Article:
What is Vitamin D?
Vitamin D is a member of the family of fat-soluble vitamins, which also includes vitamins A, E and K. Vitamin D is found in a limited number of foods, and is produced in the human body in response to sunlight, so it also called the "sun vitamin".
The importance of vitamin D for the older population
Vitamin D plays a key role in maintaining the structure and strength of bones, teeth and muscles. Vitamin D promotes the absorption of calcium, which is a critical mineral for bone health and strength. In fact, without vitamin D our body can lose bone mass, which can lead to bone pains, fractures, and muscle weakness. In addition, research has shown that vitamin D also plays an important role in the proper functioning of the immune system, with all the implications of a weak immune system in states of vitamin D deficiency.
Despite the sun: Vitamin D
Even in sunny countries, studies show that vitamin D deficiency is a long-standing and common public health problem in all age groups around the world. The reasons for the vitamin D deficiency that has been observed are varied, and include insufficient intake of foods containing vitamin D (such as fish and fortified dairy products), limited exposure to sunshine, and a decrease in the skin's ability to produce the vitamin due to use of sunscreen.
Why is vitamin D deficiency more common among the elderly?
In general, the human body cannot produce vitamins, and certainly not minerals, so it needs to acquire them externally through food. However, it is worth knowing that as we get older, our body is less able to get the most out of the food we eat and other external sources such as the sun. The needs of the body change, and do does the dose of vitamins that must be provided.
In older people, the chance of vitamin D deficiency increases, for various reasons, such as:
- Decreased nutritional intake
- Poor intestinal absorption
- Less exposure to sunlight (sitting at home)
Apart from the elderly population, vitamin D deficiency is also common among young people who work in enclosed places, and in certain populations that customarily cover most of their bodies. People who are obese are also at risk of vitamin D deficiency, as it tends to accumulate in adipose tissue rather than spreading through the body via the bloodstream.
What does vitamin D deficiency mean for the elderly?
Vitamin D deficiency can lead to an increased risk of fractures (due to depletion of bone density), and to pains and muscle weakness. So, for example, it has been found that many of those who suffered from a hip fracture had a significant deficiency in vitamin D. In addition, various studies show that giving vitamin D to the elderly, in a dose of 800 international units (IU), with or without calcium, reduces the risk of falls by 50% - 72% by comparison with their peers receiving a placebo*. Vitamin D deficiency has also been found to impair cognitive function, especially in the elderly, and some studies have found that vitamin D deficiency could be associated with shortened life expectancy**. It has been found that vitamin D deficiency is also associated with poor mood and blood sugar imbalance among the elderly.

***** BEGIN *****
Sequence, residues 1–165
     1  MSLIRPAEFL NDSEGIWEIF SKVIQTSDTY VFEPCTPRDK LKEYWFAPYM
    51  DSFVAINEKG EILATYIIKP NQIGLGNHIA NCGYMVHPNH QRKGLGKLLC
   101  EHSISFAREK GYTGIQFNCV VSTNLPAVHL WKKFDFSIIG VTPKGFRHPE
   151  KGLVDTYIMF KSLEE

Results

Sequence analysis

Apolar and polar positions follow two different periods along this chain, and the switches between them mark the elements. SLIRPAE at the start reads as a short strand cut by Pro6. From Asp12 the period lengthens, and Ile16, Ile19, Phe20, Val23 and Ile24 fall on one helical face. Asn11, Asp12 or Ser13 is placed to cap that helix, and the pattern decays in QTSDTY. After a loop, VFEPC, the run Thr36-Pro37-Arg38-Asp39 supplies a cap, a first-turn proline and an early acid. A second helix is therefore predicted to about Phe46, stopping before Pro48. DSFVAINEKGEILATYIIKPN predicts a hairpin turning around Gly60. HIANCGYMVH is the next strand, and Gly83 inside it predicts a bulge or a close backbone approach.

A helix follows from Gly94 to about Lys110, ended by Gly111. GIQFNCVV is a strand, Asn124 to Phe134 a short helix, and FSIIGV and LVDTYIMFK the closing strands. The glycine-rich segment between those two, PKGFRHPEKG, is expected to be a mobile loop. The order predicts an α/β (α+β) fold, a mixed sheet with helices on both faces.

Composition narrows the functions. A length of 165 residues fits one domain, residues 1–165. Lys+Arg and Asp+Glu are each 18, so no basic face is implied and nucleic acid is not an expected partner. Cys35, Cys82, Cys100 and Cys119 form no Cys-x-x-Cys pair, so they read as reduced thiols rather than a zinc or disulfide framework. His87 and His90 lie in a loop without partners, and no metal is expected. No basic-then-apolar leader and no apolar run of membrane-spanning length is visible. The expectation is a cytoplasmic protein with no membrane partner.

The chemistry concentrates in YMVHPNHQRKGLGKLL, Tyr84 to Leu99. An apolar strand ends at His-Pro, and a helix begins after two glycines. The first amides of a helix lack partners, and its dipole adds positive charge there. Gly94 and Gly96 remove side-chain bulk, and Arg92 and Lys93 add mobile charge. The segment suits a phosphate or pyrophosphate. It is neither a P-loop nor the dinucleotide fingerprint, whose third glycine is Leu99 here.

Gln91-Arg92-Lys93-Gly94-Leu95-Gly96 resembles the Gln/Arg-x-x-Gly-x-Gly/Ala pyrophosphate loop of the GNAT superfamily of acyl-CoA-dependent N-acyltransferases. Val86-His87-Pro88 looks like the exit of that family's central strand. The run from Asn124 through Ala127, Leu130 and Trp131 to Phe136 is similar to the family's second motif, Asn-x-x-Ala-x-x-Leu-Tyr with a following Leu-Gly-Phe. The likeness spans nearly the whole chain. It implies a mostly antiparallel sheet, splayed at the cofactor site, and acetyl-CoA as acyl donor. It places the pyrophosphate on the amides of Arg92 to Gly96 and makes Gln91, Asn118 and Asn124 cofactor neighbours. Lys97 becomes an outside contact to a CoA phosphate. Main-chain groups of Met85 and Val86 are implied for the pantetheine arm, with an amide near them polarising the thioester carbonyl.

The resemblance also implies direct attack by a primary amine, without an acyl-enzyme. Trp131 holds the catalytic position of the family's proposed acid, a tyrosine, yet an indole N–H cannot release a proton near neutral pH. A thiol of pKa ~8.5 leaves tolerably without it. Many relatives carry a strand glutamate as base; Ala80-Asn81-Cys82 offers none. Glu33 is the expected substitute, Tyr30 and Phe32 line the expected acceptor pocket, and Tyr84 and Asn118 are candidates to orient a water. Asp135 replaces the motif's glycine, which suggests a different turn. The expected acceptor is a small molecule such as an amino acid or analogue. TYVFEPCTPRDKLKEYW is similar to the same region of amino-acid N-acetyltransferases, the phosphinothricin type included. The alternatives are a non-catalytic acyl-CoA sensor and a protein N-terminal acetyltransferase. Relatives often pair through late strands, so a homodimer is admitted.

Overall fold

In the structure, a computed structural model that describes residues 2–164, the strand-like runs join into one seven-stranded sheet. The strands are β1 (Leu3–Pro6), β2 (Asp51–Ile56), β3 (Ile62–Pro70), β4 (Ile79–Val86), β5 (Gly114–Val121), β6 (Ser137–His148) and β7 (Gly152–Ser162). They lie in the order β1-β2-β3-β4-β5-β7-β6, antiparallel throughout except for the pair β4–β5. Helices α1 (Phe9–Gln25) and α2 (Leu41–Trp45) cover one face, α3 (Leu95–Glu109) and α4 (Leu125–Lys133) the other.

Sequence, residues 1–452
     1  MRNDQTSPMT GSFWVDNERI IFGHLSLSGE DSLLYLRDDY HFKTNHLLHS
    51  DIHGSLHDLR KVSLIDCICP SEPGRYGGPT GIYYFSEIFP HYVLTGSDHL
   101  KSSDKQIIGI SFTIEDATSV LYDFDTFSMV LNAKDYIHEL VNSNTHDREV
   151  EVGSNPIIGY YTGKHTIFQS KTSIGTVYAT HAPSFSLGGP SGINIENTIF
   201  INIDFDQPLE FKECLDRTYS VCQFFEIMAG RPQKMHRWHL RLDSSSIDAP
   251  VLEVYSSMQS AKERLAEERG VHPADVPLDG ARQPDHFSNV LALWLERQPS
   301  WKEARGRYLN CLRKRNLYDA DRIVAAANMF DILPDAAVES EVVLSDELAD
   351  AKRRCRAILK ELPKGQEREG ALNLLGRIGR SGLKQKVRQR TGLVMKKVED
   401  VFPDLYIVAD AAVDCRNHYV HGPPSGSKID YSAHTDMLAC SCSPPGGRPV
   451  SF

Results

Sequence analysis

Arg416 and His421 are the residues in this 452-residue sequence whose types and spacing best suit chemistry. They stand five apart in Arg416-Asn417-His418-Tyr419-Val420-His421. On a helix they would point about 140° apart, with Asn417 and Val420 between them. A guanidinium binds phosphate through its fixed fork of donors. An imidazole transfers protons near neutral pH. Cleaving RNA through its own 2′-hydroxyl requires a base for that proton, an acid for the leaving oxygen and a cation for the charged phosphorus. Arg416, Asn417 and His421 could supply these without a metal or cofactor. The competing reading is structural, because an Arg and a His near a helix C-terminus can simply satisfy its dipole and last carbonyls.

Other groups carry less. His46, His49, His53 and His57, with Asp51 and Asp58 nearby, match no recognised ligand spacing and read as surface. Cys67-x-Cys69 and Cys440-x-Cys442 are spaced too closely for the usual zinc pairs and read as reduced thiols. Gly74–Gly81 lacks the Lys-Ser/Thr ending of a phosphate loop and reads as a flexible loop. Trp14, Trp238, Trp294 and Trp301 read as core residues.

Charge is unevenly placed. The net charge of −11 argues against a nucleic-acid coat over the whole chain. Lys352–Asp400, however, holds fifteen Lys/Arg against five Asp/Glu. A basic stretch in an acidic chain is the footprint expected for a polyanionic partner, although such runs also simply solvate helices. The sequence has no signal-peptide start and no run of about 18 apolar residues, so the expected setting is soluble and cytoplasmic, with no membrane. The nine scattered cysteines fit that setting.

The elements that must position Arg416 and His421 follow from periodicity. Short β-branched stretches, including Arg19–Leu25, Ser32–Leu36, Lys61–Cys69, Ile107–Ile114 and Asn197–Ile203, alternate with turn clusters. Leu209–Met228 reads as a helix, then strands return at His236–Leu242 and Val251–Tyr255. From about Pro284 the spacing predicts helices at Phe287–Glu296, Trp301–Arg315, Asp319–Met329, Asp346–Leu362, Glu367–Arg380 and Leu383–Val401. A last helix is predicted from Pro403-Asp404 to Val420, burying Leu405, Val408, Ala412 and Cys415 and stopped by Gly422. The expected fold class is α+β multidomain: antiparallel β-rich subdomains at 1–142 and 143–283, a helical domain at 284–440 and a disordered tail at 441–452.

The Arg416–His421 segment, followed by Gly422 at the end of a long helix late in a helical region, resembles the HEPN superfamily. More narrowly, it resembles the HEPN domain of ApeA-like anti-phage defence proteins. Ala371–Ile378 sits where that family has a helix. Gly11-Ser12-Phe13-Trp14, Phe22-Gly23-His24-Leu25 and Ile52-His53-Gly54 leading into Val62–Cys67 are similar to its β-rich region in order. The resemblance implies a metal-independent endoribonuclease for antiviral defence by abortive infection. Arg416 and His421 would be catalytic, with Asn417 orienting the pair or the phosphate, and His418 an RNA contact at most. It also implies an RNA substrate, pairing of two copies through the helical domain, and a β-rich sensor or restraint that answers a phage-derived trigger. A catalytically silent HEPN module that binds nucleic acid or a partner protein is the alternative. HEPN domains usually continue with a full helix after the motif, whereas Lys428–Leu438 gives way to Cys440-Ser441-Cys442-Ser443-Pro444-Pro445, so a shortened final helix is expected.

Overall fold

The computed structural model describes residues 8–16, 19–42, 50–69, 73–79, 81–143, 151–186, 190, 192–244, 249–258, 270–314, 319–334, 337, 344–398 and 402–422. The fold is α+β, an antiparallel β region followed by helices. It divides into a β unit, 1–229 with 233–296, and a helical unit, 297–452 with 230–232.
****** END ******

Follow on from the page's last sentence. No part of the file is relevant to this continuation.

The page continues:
So how do you acquire vitamin D?
In fact, especially in old age, it is not possible to reach normal levels of vitamin D without sufficient exposure to the sun and/or taking a dietary supplement. Taking vitamin D as a dietary supplement makes it possible to maintain its level in the blood and prevent the incidence of deficiency.
Which vitamin D should you take?
Vitamin D comes in two forms: one - vitamin D in inactive form in the body, called vitamin D2, and the other, vitamin D in active form, called vitamin D3. The active form - vitamin D3 - is absorbed in the intestine by bile acids secreted in response to eating fatty foods, so it is usually recommended to take vitamin D together with foods that contain fats.
At the same time, it is important to know that today there are vitamin D3 supplements available on the market that contain the natural fatty acid MCT, which significantly improves its availability. So thanks to the fatty acids you can take vitamin D at any time, without the need to tie it to fatty foods - in a very convenient and accessible way.
What is the recommended dose of vitamin D for the elderly?
Recently, the Ministry of Health issued a clear recommendation to take vitamin D in a dose of 800-1000 IU per day.
Public recommendations issued yesterday (October 12) by the Ministry of Health state that vitamin D is essential for strengthening the immune system, and that in epidemiological observations, a deficiency in vitamin D has been linked to a negative effect on respiratory infections and morbidity. The recommendations also note that a normal level of vitamin D was found to be associated with a reduction in infection and morbidity due to Covid-19.
Therefore, the Ministry of Health recommends taking the following levels of vitamin D on a daily basis during this period:
- Daily intake of 800 - 1000 IU of vitamin D for people of normal weight
- Daily intake of 2000 IU vitamin D for overweight people
- Daily intake of 4000 IU vitamin D for obese people
Vitamin D is available on the market in various forms, in drops or in very small soft gel capsules that are easy to swallow, so that everyone can find a method that suits them.